Kinetochores form a dynamically regulated binding interface between chromosomes and the mitotic spindle, a connection that is essential to partition the genetic material equally during cell division (Biggins, 2013). As chromatin-bound multi-protein complexes, kinetochores assemble exclusively at centromeres. Biochemical experiments have elucidated the connectivity between multiple subcomplexes in the context of an assembled kinetochore (Musacchio and Desai, 2017), and structural biology has started to define the organization of these building blocks at atomic resolution (Hinshaw and Harrison, 2019; Yan et al., 2019). It is, however, still poorly understood how kinetochore proteins first assemble into stable subcomplexes and then associate into higher-order structures with the correct stoichiometry specifically at the centromere.

Budding yeast centromeres are attached to kinetochore microtubules during almost the entire vegetative cell cycle. Upon replication, kinetochores assemble quickly on both sister chromatids to ensure effective bi-orientation. Live cell imaging experiments suggest that kinetochore assembly upon replication of centromere DNA occurs rapidly and is completed within 10–15 min (Tanaka et al., 2007). This is remarkable as even the relatively simple kinetochores in budding yeast consist of more than 40 different proteins. These protein subunits assemble in two layers: the inner kinetochore comprises 16 subunits, which are collectively called the constitutive centromere-associated network (CCAN, or Ctf19CCAN in budding yeast). The CCAN contains the essential protein Mif2CENP-C, which contacts and organizes many other subunits of the CCAN (Klare et al., 2015) and, among other subcomplexes, the COMA complex, which consists of the conserved subunits Ctf19CENP-P, Okp1CENP-Q, Mcm21CENP-O, and Ame1CENP-U, of which Ame1 and Okp1 are essential for cell viability in budding yeast (Hornung et al., 2014). The CCAN directly binds to a specialized nucleosome by recognizing the histone H3 variant Cse4CENP-A via the Mif2 and Ame1-Okp1 subunits (Anedchenko et al., 2019; Fischböck-Halwachs et al., 2019; Killinger et al., 2020).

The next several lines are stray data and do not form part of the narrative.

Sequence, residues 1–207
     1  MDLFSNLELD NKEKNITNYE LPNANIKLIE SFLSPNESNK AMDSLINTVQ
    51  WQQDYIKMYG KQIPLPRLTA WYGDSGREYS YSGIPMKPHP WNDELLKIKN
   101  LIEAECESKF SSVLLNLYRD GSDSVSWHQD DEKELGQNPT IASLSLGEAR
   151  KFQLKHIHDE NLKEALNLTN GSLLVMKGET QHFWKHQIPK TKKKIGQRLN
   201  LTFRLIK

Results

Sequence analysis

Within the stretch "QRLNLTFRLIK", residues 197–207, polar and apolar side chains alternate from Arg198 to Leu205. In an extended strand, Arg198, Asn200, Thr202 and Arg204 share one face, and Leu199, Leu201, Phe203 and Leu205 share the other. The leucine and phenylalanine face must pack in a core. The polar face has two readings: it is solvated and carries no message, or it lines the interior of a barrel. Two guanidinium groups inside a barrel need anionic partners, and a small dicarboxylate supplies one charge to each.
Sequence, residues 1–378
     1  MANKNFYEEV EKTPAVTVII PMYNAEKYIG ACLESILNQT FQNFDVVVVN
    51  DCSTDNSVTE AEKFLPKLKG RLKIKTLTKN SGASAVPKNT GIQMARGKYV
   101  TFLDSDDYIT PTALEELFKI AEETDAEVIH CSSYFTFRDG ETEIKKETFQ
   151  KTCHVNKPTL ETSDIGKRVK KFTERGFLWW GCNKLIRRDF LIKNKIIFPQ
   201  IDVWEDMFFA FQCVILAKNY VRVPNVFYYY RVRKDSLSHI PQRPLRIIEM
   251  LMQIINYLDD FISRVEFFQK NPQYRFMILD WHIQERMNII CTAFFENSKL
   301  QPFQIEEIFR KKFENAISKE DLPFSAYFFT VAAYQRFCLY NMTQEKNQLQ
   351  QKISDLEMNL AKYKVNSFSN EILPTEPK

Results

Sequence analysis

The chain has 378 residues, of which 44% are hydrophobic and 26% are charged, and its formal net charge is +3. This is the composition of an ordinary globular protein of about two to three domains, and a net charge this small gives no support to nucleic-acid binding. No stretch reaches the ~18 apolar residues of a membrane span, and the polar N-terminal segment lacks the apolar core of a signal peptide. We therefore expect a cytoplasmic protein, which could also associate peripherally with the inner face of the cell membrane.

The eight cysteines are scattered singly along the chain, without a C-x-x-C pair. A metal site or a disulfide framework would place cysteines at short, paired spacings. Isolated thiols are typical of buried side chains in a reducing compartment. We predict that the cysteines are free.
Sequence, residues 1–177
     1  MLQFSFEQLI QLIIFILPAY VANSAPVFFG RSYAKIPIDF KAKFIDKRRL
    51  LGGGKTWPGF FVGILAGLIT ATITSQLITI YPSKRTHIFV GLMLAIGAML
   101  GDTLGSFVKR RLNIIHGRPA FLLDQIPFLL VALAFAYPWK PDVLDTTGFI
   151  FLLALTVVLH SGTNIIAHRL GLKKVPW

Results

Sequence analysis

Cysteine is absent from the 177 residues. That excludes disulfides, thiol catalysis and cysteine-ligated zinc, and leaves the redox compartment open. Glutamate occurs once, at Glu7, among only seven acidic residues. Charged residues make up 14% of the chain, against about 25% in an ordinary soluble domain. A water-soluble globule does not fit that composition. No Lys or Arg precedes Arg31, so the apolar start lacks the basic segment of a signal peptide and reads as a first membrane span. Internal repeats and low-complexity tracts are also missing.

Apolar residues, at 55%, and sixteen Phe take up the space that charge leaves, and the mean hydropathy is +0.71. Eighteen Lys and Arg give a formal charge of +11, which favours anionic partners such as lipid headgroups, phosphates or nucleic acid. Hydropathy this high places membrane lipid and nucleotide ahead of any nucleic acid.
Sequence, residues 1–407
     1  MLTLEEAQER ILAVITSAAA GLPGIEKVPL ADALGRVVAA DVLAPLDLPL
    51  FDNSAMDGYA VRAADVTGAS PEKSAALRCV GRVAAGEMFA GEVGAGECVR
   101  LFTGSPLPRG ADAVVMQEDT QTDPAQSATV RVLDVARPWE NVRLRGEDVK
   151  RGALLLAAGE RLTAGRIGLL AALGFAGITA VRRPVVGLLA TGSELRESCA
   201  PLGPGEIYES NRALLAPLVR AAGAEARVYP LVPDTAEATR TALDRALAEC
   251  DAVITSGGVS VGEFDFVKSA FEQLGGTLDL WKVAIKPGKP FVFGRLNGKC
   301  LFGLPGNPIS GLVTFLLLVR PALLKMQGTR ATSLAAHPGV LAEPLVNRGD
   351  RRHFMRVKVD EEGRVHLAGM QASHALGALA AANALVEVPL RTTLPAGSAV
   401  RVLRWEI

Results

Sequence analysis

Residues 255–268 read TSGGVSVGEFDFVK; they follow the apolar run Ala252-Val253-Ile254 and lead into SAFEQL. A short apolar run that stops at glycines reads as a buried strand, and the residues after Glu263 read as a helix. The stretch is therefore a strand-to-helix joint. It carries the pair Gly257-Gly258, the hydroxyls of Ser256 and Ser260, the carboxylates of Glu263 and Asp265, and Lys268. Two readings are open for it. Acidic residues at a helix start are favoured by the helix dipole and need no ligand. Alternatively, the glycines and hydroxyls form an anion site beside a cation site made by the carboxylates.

The outer kinetochore forms a microtubule-binding layer with the KMN network at its core. As this network lacks DNA-binding proteins, it relies on the CCAN for centromere recruitment. The Knl1c (Spc105c in yeast), Mis12c (Mtw1c in yeast), and Ndc80c subcomplexes are necessary to efficiently couple dynamic microtubules to centromeres (Cheeseman et al., 2006; Musacchio and Desai, 2017) and also form a regulated recruitment platform for components of the spindle assembly checkpoint (SAC) (Joglekar, 2016; London et al., 2012). The outer yeast kinetochore also includes a ring-forming protein complex called the Dam1c, which is required for robust coupling of the KMN network to dynamic microtubules (Lampert et al., 2013; Tien et al., 2010).